While my trusty buggy mostly has me covered when I’m out and about, there are still a few situations that are problematic for me… any buildings without a lift are a complete no-go for me. Annoyingly, that includes the North-bound platform of my local train station, and a local children’s group that could have been great fun and led to some meaningful mummy relationships. I see women with one baby casually wander round with their bambino in a sling, and can’t help but feel a slight pang of jealousy. I rented a Twingo sling from my local sling library, and although I loved it, it was really hard to get on and off (complete with toddlers) by myself. So when I’m alone, I’m restricted to places that are buggy friendly. My husband works quite long hours, but when he’s around he is happy to baby wear. We each take a baby in individual slings, which means we can explore by train, and take the babies to less buggy-friendly places.
Long gone are the days when I can pop to the shop without anyone batting an eye. I don’t think I have managed to walk for more than five minutes in the last year without being stopped so someone can make a comment. Most of the time, people’s comments are heartfelt and lovely, and that’s very welcome. Occasionally, people say absurdly rude things, which always upsets me. Of course, you’ll hear the old ‘double trouble’ about fifty times a day too, so prepare yourself for that! Interestingly, on the rare occasion when I have left the house with just one baby, I haven’t had any comments at all!
When people see you have twins, they sometimes seem to think it’s an invitation to ask intrusive questions. ‘Are they natural?’, ‘Were you trying for two?’, and ‘Did you have a vaginal birth?’ … The first time I was asked these I was taken aback and just blinked in surprise. I now have a couple of staple comebacks to the inevitable silly questions.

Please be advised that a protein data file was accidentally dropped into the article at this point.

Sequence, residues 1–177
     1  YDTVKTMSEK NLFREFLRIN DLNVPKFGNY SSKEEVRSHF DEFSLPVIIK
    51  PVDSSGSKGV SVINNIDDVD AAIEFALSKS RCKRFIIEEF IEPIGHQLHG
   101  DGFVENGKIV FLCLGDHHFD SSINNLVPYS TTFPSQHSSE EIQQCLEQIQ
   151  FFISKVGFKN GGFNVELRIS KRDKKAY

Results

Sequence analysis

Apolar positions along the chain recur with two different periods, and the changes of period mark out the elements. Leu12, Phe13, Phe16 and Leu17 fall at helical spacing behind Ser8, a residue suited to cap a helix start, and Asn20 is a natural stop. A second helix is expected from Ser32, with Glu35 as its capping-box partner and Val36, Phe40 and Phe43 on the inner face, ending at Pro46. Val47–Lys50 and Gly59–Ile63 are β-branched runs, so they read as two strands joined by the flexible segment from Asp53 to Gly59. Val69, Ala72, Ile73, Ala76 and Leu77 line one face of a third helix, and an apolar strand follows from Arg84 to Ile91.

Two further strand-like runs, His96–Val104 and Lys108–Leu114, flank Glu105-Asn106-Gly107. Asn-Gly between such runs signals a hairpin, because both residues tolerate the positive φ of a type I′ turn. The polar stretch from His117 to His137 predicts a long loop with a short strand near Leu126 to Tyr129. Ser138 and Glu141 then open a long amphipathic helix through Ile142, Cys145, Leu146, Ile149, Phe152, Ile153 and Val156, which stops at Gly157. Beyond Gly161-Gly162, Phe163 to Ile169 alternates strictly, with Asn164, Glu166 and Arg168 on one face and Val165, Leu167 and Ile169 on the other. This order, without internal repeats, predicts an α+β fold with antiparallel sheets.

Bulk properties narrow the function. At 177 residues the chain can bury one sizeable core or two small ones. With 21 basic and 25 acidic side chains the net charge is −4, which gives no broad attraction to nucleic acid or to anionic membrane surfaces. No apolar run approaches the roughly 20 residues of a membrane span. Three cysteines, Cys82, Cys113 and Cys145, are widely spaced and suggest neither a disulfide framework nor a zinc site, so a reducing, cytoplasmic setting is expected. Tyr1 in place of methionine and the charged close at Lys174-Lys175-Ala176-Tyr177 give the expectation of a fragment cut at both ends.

Perhaps I was being naïve, but I thought doctors and nurses would be able to answer my twin-specific questions at health check-ups and immunizations. It turns out, health visitors and GPs don’t actually see all that many sets of multiples, and it’s been obvious on more than one occasion that I have been more knowledgeable than the healthcare professional when it comes to twins!
Last week I took my twins for their one year injections, and due to Covid-19, and the nature of the world right now, I left my husband working at home and took the babies by myself. On arrival at the GP surgery, a nurse came to tell me she wasn’t sure how we were going to be able to manage the babies with just one parent, and usually they advise to have two adults with twins.
At this point, I’m used to falling through the cracks in the system, and it didn’t surprise me that nobody had thought to discuss this, or even mention that things would be easier with two adults, on the phone with me. Anyway, the situation didn’t really phase me – as a twin parent, I am very used to juggling two upset babies at the same time. Logistically speaking, I am pretty adept when it comes to getting both babies undressed and dressed again in quick succession. This made the immunization process quick and straightforward and I could deal with one baby at a time while the other waited in the buggy. I had also brought the babies’ favourite snack (an orange) to use as a distraction tactic after the injections. The nurse seemed surprised at this, but it worked perfectly.
When it comes to the twin-specific questions (when will my babies stop ignoring / biting / crying at each other), I’ve dound that Facebook groups are the way forward. Having a group of over 100,000 twin parents means there is always going to be someone who can answer your question, or recommend the best bit of twin kit!
I’ll leave it there, but I would love to know any other things you twin mamas wish you had been able to prepare yourselves for!